Archive for Windows

So…. Upgrading To Windows 10 Was Challenging

Posted in Commentary with tags , on July 29, 2015 by itnerd

As promised, here’s a report on my experience upgrading from Windows 7 Home Premium to Windows 10 Home. Now I should mention one thing. The Windows 7 install that I am using is on Parallels Desktop 10 which means that it is a virtual machine. Now I had been running the Technical Preview version of Windows 10 with no issues for some time, so I assumed that upgrading to the release version would be easy. Boy was I wrong. When I fired up the Windows 7 virtual machine, I got this error:


Now, Parallels had months to get this worked out and ensure that their software was ready to go when Windows 10 launched. In fact in the last week they pushed out an update. Though the release notes mention nothing about Windows 10. But still, they shouldn’t be caught off guard like this. As I type this, a thread on the Parallels discussion forum offers nothing but a “we’re working on it” response and a bunch of ticked off Parallels users venting. Fortunately, one of their users had a workaround which I used to upgrade to Windows 10. Clearly Parallels users are more skilled than Parallels tech support.

In any case, it took a very long time to install. From start to finish it took me about 60 minutes and several reboots. But it worked. The process is largely automated and you can safely start it and walk away while it does its thing. Only at the beginning and at the end does it require user intervention.

Thus far I have no real showstopper issues to speak of. I’ll give you my impressions of Windows 10 tomorrow evening after I have had a full day with the release version of Microsoft’s latest OS.

Hey IT Nerd! Do I Have To Reinstall Windows To Keep My PC Running Fast?

Posted in Tips with tags , on November 9, 2012 by itnerd

I’m really not sure where this came from, but there’s a bit of computer lore that says that you have to reinstall Windows from time to time to ensure that it runs at maximum speed. In all my years of supporting computer users, I have never seen the value of doing this with one exception that I’ll get to in a second. If you follow the maintenance tips that I posted earlier this week, there’s really no practical need to reinstall Windows. It also helps if you run an anti virus solution that is CPU friendly such as AVG 2013 (which I’ve reviewed before) or Microsoft Security Essentials (which I’ve written about before) which I recommend because they are so CPU friendly.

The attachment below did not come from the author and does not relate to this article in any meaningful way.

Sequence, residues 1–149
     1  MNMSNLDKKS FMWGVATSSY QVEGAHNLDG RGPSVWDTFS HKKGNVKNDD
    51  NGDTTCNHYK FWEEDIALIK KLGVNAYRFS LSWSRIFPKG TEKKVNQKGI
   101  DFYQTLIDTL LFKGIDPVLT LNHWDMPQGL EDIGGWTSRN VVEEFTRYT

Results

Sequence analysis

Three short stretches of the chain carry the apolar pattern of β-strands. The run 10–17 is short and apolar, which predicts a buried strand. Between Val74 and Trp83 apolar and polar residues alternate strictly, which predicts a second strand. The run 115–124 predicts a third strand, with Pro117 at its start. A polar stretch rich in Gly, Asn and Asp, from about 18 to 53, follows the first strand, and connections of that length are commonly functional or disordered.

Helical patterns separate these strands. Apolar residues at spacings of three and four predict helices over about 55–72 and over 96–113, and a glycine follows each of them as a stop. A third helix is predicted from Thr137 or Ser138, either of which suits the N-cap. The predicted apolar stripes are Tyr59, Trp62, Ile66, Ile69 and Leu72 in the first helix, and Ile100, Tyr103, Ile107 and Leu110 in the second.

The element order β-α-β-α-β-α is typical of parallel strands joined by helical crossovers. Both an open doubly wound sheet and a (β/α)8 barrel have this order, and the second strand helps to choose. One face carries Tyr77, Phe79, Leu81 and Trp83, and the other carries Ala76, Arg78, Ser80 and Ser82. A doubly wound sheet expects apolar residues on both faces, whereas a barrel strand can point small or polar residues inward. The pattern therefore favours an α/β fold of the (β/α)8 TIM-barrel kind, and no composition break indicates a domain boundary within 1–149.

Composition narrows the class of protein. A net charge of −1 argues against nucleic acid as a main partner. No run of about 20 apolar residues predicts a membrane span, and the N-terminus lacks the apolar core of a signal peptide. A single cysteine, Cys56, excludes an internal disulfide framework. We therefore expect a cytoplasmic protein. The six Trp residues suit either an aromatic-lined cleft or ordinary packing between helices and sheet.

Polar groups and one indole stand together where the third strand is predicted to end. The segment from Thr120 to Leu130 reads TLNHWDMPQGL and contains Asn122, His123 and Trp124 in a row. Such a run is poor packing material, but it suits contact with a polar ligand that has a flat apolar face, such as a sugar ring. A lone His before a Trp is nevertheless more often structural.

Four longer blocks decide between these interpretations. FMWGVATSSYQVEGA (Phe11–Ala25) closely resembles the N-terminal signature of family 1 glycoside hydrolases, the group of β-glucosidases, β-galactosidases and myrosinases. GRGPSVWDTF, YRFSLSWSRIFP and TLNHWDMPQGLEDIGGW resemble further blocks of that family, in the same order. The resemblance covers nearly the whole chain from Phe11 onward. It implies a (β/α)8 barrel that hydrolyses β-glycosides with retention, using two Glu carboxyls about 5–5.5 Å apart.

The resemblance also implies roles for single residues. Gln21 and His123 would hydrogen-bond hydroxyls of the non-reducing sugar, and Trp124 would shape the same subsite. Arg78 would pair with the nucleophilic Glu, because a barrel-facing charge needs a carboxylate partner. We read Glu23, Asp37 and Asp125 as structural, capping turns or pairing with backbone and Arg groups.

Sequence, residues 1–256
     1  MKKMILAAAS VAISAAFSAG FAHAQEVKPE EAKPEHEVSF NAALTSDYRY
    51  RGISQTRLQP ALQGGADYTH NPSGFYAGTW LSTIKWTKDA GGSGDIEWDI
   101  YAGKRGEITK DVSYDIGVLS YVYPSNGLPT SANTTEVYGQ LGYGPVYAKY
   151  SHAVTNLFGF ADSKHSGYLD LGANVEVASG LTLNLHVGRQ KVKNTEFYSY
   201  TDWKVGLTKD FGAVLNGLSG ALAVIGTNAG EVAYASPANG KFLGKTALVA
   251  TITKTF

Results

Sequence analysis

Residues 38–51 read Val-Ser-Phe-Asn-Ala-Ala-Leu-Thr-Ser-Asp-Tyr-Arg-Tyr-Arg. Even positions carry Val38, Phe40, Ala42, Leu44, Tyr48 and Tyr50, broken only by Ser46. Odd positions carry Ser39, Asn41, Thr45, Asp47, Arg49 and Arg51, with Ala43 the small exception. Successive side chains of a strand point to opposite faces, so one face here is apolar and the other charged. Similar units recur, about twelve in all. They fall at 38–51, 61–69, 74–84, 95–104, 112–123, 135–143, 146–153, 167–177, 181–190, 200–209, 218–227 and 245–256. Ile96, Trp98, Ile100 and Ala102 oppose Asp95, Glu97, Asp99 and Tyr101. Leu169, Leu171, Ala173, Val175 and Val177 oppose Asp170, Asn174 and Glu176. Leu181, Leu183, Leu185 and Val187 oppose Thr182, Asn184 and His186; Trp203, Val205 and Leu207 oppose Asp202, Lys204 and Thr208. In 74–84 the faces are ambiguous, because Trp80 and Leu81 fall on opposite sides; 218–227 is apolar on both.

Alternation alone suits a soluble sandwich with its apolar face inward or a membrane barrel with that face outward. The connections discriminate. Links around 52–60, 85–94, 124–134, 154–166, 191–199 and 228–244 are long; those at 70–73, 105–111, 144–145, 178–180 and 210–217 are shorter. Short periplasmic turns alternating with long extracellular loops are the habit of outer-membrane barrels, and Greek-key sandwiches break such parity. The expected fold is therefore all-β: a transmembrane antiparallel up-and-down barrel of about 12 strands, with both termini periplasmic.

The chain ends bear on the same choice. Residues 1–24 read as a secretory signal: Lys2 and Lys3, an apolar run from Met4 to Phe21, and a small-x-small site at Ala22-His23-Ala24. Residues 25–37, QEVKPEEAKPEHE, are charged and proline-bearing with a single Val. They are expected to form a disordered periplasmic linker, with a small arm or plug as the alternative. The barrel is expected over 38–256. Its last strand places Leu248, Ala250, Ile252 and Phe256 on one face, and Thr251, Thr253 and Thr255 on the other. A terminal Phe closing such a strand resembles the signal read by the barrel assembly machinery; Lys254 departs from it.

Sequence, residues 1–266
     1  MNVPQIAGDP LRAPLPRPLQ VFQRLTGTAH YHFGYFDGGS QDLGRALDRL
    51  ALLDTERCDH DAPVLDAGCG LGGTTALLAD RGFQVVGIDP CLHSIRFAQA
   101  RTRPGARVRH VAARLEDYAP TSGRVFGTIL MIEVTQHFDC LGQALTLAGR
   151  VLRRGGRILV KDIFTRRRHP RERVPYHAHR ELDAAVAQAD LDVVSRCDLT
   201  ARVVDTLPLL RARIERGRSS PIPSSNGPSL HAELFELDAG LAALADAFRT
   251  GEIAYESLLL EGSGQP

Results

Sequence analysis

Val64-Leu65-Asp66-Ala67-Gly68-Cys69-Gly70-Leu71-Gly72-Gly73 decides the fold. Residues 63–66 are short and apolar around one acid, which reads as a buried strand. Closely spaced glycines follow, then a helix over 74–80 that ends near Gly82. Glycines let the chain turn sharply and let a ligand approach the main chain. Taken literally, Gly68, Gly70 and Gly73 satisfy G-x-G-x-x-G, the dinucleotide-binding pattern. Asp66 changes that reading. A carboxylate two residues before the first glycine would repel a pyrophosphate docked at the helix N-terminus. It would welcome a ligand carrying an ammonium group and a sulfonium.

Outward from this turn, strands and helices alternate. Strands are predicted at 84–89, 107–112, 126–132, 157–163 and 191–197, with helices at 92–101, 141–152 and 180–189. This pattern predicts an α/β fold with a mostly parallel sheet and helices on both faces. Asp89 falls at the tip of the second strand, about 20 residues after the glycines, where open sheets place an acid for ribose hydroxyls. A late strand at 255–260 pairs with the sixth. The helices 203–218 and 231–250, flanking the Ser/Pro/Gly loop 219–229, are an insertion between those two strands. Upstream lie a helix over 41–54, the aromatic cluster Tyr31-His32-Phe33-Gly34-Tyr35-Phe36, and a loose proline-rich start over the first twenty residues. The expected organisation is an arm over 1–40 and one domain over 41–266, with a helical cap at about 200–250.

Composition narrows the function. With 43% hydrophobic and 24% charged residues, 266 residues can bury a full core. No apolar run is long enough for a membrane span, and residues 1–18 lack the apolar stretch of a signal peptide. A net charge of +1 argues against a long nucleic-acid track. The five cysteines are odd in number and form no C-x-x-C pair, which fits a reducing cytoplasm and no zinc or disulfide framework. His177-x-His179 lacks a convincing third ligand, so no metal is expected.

Now, the one exception is someone like me who tests software and hardware either for customers or for reviews on this blog. That might slow down your PC  because of all the installing an uninstalling. But I have a way around that. I use virtual machines for that purpose. Since I run Parallels Desktop on my Mac, I’ve created three VMs. A Windows XP VM, A Vista VM, and a Windows 7 VM. The great thing about VMs is that I can test something and then easily revert it back to a “virgin” state. You don’t need a Mac to do this as Parallels has a version for PCs called Parallels Workstation. Not to mention solutions from VMWare called VMWare Fusion for Mac and VMWare Workstation for PC.

Hey IT Nerd! What’s The Best Setting For The Paging File On My Windows Computer?

Posted in Tips with tags , on October 3, 2012 by itnerd

First let me explain what a paging file is. The best description that I found is in this Wikipedia article, but here’s all you need to know:

In computer operating systems, paging is one of the memory-management schemes by which a computer can store and retrieve data from secondary storage for use in main memory. In the paging memory-management scheme, the operating system retrieves data from secondary storage in same-size blocks called pages. The main advantage of paging over memory segmentation is that it allows the physical address space of a process to be noncontiguous. Before paging came into use, systems had to fit whole programs into storage contiguously, which caused various storage and fragmentation problems.

Now this is true if you have 1GB of RAM or 16GB of RAM. The thing is that if you have more RAM, paging happens less. But it still happens.

Now, what’s the best setting for the paging file? Set it to System Managed Size (if it isn’t already set there) and leave it there. Windows does a great job of managing the pagefile that you should never have to think about it and 99% users would not benefit from changing any of these settings.

Now what about setting it on a different drive? I’ve never seen any benefit to doing this other than freeing up space on a particular drive. Thus you’re better off just leaving it on your C: drive.

Still Running XP? Support Ends In Two Years… Security Nightmares Start Soon After